The Main Differences Between Extrusion and Injection Molding

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The Main Differences Between Extrusion and Injection Molding

Both extrusion and injection molding are common plastic parts production processes. However, there are significant differences between the two methods pertaining to the process fundamentals, compatibility, strength, and precision. All these factors combine to affect the overall cost and time of the process, which in turn affects the overall costs and capabilities of both methods.

The basics of both processes are the same. Plastic is heated to deform and take the shape of a certain dye, but this is where the similarities between injection molding and extrusion end. The remaining processes are entirely different and require different approaches.

Compatible Plastics

Injection molding produces almost all thermoplastics and most thermoset plastics. This enables the production of permanent and recyclable components like nylon and acrylic. Extrusion only supports thermoplastics like PVC.

Melt Strength

The melt strength is an important parameter when it comes to plastic-related processes. By comparison, the melt strength for injection molding is lower than that of extrusion because the product is ready by the time it exists in the mold cavity.

Extrusion is different because the product doesn’t get cured and may even require some subsequent processing like thermoforming depending on the application. Therefore, the melt strength requirements for extrusion are quite high when compared to that for injection molding.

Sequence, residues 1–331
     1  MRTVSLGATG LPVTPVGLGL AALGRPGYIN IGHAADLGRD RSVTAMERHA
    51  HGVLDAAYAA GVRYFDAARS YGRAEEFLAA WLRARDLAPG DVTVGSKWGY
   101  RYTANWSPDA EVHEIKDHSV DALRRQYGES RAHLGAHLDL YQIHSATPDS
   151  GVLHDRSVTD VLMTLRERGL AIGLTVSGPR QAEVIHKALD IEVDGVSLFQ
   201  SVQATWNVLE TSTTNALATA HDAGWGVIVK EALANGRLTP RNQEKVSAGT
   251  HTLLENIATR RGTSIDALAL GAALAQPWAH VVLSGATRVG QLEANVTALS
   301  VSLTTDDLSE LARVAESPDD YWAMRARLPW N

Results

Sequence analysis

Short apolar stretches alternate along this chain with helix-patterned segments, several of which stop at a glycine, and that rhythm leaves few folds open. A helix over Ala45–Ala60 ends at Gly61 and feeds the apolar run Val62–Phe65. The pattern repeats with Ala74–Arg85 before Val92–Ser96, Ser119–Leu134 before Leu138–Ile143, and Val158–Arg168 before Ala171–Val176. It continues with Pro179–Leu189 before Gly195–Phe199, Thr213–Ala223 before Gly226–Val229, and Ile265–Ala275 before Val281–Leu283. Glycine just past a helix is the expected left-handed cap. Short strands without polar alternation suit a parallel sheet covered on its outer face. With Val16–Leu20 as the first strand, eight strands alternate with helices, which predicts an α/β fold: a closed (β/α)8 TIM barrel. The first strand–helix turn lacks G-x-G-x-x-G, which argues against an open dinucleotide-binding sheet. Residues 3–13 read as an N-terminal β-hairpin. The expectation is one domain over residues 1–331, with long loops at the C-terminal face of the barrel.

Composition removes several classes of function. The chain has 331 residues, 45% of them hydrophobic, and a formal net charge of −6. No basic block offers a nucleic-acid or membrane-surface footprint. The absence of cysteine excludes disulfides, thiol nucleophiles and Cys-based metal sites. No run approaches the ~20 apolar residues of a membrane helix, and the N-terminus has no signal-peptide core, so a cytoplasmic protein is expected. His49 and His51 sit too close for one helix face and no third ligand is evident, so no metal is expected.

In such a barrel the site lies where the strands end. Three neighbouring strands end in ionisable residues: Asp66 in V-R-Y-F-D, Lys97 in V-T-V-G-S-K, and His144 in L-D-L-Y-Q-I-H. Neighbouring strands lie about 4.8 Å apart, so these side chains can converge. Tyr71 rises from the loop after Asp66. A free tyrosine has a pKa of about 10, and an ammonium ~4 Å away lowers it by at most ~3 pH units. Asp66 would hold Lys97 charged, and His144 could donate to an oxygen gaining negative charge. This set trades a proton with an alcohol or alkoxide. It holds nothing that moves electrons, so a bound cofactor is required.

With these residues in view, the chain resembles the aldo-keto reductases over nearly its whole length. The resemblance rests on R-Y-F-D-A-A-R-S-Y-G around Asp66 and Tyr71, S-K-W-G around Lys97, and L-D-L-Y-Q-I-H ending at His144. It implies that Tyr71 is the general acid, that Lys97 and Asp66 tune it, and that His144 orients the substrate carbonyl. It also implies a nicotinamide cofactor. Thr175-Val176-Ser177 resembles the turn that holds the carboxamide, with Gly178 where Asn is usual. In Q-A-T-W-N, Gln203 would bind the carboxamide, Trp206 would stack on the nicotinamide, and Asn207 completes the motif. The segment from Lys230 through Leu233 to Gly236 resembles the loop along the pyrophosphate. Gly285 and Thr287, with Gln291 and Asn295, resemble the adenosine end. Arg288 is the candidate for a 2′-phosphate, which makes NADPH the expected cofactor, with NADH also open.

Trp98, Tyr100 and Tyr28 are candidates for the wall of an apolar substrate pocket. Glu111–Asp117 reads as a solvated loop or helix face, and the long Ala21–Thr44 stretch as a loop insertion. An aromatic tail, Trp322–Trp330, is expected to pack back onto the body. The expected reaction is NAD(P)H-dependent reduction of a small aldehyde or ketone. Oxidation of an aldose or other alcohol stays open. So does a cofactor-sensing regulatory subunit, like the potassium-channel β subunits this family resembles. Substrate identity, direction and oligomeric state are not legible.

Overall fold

There is a significant difference between injection molding and extrusion when it comes to cost. Injection molding is generally more expensive and most of it is because of the mold costs. The mold needs to be either machined or 3D printed depending on the design’s complexity. Furthermore, the material also plays a significant part in determining the cost of injection mold. The better the material, the longer will the mold last but that will come at a cost.

The extrusion process, on the other hand, is much simpler and handles 2D shapes without any intricacies. As a result, the operating costs of the process are lower but remain unaffected by economies of scale. Moreover, the overall setup costs for extrusion can be quite high considering the restriction on complex designs.  

End-Use Application

Both injection molding and extrusion work well with plastics. However, injection molding is more suitable for complex closed 3D shapes, like vehicle interior room components. These plastic components have a complex initial dye which significantly increases the capital costs but remains operational for many cycles.

Contrarily, extrusion is an ideal choice for continuous objects or repeatable parts with the same cross-section. For instance, PVC frames, pipes, and other similar objects with continuous cross-sections will almost always rely on extrusion for production.